How do you set a quorum? There’s no magic formula for determining what should constitute a quorum. Many state laws set a quorum as a simple majority of board members, but some allow organizations to determine their own quorum. For example, if you have 18 board members and your quorum is 40%, that means you need at least 7 board members present at each meeting to do business.
How Many Board Members Are Needed for a Medium-Sized Nonprofit?
In a medium-sized nonprofit, you will want to have enough board members to fill the three primary officer positions: President, Secretary, and Treasurer.
The President of the board of directors presides over board meetings and helps the chief executive create the meeting agendas. This individual also acts at the primary contact for the board and helps to coordinate and facilitate all board activities.
The Secretary is in charge of distributing the meeting agenda and recording meeting minutes. This individual should also ensure that all agendas and minutes are filed and stored for easy access at a later date and per the organization’s bylaws.
The Treasurer oversees the organization’s financial condition by working closely with paid finance staff (Chief Finance Officer, Accounting Coordinator, etc.) and tracking income and expenses. The Treasurer will also help to coordinate and manage the organization’s annual audit, if one is required, and will distribute those findings.
A board for a medium-sized nonprofit might be moving away from the organization's day-to-day management in an effort to become a governing board. Establishing the three primary officer positions is a great first step in achieving this.
As your organization grows, medium-sized nonprofits should also consider instituting some board committees. To do this, you will need more than the minimum number of three board members. For a medium-sized nonprofit, you could aim for 5-7 board members which will allow you to fill the three critical officer positions and begin to establish subsequent committees accordingly.
How Many Board Members Are Needed for a Large Nonprofit?
If your nonprofit is large, has multiple programs, multiple funding streams, and successful fundraising activities, you will need more board members. Larger nonprofits often have more committees, and as such, more responsibilities for board members to absorb.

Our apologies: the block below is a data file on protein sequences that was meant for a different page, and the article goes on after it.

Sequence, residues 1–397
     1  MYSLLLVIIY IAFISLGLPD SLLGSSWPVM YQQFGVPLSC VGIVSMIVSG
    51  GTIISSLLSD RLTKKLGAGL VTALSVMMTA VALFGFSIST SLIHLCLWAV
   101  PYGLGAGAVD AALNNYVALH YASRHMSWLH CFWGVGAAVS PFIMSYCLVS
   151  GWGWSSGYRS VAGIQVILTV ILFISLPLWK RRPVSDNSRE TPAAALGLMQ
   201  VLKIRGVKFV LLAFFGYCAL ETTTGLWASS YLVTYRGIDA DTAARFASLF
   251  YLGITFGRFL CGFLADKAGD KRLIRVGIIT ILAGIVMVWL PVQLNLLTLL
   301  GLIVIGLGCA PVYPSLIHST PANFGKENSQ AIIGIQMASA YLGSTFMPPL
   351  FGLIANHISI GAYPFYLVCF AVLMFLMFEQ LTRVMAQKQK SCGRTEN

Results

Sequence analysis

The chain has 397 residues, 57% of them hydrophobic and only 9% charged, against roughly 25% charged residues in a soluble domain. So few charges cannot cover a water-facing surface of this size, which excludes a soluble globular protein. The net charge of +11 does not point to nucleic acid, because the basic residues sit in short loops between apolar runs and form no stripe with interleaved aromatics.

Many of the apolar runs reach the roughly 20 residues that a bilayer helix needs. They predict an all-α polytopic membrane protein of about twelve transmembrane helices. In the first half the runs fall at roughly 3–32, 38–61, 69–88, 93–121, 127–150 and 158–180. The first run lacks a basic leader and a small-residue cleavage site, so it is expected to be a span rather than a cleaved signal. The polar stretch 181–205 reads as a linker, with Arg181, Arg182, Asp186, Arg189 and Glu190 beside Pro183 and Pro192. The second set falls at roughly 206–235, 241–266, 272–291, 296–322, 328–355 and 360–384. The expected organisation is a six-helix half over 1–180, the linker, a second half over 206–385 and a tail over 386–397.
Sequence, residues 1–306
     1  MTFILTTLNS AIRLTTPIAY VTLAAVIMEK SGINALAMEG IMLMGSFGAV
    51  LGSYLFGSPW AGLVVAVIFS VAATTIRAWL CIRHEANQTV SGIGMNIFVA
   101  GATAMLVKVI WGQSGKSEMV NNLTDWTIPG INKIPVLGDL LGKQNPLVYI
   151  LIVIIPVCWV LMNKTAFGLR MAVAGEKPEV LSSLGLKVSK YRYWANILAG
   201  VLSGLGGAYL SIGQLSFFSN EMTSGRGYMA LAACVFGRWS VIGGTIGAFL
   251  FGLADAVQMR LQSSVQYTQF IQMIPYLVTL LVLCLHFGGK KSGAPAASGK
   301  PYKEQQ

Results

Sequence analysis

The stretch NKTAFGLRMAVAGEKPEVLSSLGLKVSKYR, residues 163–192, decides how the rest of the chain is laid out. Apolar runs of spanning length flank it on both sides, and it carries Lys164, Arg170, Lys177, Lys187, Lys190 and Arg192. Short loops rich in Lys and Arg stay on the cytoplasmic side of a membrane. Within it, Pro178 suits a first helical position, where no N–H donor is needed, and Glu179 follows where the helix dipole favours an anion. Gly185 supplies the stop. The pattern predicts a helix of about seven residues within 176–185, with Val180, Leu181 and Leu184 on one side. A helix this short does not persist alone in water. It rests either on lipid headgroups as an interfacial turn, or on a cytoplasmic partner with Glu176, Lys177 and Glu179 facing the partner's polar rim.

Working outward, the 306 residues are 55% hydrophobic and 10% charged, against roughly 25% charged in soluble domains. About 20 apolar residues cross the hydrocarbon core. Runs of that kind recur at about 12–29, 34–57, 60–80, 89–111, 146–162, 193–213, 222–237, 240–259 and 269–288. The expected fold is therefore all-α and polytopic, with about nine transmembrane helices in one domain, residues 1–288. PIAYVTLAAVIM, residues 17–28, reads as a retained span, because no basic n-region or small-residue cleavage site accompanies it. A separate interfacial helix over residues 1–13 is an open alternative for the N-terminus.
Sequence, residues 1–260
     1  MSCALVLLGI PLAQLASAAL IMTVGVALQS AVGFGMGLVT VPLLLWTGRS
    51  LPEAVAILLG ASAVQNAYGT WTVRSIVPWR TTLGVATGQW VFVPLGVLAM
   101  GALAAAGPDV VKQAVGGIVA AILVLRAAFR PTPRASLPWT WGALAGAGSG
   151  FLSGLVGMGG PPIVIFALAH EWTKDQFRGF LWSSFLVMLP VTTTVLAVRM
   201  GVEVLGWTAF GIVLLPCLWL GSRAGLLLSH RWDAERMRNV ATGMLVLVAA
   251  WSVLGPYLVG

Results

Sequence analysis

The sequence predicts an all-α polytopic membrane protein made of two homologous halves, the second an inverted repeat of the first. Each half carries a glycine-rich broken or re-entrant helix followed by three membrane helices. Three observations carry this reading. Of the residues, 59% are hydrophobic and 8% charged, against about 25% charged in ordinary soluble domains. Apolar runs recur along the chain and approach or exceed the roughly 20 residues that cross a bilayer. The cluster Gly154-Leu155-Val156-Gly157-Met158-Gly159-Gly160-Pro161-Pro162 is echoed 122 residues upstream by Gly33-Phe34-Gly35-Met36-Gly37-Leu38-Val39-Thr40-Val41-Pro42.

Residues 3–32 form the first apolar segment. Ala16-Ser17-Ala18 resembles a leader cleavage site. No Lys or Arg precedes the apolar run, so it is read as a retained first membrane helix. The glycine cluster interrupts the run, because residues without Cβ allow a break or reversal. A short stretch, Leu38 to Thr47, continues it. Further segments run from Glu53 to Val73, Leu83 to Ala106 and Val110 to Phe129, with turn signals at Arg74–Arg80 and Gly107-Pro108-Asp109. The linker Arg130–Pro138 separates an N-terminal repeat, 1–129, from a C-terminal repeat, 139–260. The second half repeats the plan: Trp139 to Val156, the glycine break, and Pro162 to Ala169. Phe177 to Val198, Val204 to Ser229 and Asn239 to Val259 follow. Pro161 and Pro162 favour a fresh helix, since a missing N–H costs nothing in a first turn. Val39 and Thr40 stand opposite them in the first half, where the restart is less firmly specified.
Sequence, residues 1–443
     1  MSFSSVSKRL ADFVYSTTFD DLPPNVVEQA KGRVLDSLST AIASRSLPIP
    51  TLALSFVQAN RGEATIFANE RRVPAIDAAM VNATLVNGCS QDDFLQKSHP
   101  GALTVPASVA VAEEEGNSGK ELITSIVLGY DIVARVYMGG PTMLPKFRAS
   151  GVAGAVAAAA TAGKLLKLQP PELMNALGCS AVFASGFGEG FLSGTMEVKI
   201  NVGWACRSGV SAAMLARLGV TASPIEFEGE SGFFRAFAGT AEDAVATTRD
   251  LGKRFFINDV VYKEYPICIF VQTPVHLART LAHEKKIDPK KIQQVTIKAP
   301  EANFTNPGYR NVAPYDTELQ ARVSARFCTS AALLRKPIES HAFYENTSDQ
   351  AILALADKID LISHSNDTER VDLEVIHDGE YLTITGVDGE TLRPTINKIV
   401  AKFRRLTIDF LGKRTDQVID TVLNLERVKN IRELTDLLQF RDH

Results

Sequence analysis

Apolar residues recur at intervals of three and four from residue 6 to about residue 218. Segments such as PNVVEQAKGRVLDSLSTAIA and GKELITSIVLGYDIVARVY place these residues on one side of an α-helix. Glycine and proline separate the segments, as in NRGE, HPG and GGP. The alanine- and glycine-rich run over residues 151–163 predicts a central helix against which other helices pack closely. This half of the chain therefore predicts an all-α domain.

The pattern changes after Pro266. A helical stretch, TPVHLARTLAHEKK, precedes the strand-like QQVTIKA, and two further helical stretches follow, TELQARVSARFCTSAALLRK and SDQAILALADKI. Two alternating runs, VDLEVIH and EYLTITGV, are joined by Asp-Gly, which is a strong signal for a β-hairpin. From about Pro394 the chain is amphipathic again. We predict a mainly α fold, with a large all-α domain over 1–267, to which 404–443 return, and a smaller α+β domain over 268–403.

While a larger nonprofit will have a governing board versus a working board, there will likely still be a significant amount of fundraising, public relations, and governance work to do among the committees.
For nonprofits of this size and structure, 12-15 board members could be sufficient, but it may be necessary to have more depending on the diversity of the board’s skill sets and experiences.
It’s important to remember that if a board becomes too large, it will be difficult to conduct business as a single entity. When this occurs, the Executive Committee often becomes the decision-making group and the remaining board members become more passive, only giving approval when asked to vote on decisions during a board meeting.
This can lead to inequitable power dynamics and tension among board members. With a large board of directors, it’s important to ensure that the structure allows all members to participate in decision-making for the organization.
Wrapping Up: How Many Board Members Should a Nonprofit Have?
The ideal number of board members will vary based on factors like the size of your nonprofit, your organization's paid staff and infrastructure, and your board members' skill sets and abilities.
There is no one-size-fits-all recommendation for how to find the perfect number of board members. However, it is important to remember that all boards—small, medium, and large—can face challenges related to their size. Having the wrong size board can lead to disengagement, tension, inequity, and board member burnout.
We hope these insights help you determine the best number of board members for your organization’s specific needs!